Rail Agencies and Federal Workplace Relations Act
|About this Item||Subjects||Railways; Industrial Disputes; Trade; Fines and Penalties
||Speakers||Cohen The Hon Ian; Costa The Hon Michael
||Business||Questions Without Notice
||Commentary|| Supplementary Question
Mr IAN COHEN: My question is directed to the Minister for Transport Services. Will the Minister inform the House whether he knew that RailCorp was planning to invoke section 127 of the Workplace Relations Act against workers in the current industrial dispute affecting the New South Wales rail system? Will he further advise the House why only the Australian Manufacturing Workers Union [AMWU] was the subject of these orders even though at least three other unions were involved in the strike? Finally, if members of the AMWU breach the section 127 orders, does the Minister plan to take the next legal and logical step of imposing fines, injunctions and gaol sentences on individual AMWU members and officials, and deregistration of the union itself?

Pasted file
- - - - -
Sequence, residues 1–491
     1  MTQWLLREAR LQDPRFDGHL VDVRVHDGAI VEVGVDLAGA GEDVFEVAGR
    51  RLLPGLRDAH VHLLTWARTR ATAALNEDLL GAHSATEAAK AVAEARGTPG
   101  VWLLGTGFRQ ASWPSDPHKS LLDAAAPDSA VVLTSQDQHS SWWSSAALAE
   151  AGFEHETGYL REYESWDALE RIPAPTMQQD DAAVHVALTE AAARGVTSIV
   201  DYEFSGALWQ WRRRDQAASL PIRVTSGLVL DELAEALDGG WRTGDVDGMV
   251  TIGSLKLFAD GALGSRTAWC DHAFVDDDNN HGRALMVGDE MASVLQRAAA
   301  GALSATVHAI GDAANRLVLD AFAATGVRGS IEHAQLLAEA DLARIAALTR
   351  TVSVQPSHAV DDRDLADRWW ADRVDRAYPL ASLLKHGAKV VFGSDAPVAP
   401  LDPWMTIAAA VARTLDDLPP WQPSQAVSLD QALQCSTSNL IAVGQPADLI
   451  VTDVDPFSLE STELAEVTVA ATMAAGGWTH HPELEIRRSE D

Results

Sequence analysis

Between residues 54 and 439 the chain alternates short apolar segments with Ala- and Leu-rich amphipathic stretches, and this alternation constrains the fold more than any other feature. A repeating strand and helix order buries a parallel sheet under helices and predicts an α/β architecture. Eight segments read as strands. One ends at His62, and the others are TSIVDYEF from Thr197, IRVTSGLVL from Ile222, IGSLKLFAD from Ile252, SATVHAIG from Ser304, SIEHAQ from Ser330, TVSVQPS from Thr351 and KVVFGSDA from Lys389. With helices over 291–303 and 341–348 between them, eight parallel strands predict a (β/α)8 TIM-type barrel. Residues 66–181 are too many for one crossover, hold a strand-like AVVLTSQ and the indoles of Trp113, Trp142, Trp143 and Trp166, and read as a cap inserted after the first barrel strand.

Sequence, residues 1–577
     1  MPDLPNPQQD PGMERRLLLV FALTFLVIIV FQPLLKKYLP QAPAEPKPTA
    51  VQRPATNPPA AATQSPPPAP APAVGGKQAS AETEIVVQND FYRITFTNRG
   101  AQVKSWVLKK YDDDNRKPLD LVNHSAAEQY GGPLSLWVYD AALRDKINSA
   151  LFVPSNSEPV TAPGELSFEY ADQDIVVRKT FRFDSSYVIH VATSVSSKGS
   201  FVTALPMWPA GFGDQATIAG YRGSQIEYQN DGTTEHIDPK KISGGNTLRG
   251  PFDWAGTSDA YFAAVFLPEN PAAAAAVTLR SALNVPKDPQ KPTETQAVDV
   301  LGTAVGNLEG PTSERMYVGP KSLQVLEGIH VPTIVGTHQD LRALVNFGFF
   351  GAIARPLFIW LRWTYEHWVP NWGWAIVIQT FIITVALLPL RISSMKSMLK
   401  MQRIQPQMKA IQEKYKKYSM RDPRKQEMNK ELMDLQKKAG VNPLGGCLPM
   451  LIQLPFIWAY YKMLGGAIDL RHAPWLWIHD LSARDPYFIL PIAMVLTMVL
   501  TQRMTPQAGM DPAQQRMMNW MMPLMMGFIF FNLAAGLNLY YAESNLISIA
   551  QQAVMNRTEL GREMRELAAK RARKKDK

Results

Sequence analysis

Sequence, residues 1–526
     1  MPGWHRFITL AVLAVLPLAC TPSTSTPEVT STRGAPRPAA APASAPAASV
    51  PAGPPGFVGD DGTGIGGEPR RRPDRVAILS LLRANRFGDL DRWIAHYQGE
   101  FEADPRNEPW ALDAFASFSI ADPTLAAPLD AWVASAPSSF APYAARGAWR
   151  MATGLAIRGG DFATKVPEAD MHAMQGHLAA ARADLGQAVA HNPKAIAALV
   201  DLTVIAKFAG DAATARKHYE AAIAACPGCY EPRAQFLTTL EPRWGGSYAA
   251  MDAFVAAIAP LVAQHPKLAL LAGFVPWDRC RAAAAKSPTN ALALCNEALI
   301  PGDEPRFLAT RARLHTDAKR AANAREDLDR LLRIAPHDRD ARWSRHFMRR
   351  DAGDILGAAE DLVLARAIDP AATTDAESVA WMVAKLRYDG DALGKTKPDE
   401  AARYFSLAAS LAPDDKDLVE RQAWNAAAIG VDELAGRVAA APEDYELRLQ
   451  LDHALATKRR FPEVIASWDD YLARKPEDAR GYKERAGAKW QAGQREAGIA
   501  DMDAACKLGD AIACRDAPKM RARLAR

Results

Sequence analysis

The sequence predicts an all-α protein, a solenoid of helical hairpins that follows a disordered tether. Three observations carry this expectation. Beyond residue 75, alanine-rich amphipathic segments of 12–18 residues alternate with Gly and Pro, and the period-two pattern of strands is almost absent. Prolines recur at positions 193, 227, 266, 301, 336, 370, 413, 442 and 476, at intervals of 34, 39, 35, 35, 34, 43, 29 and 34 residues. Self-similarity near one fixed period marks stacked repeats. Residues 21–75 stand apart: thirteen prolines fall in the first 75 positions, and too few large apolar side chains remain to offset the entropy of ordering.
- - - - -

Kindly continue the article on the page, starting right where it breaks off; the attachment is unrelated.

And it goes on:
The Hon. MICHAEL COSTA: I refer to my answer to this question yesterday when the Leader of the Opposition asked me precisely the same question. I made the points yesterday. In relation to the current dispute over random alcohol and drug testing, the Government's position is very clear: We will be proceeding with random drug and alcohol testing.
Mr IAN COHEN: I ask a supplementary question. Other than the fact that the Minister did not answer the question, is the Government planning to make regular use of the Federal Workplace Relations Act in its management of public sector industrial relations in New South Wales?
The Hon. MICHAEL COSTA: If Mr Ian Cohen had heard my response yesterday he would realise that Ralph Willis introduced section 127 into the industrial relations environment, I think in 1987, from memory. It is also interesting that the AMWU has used that very section in a number of industrial disputes it has had with employers in Victoria.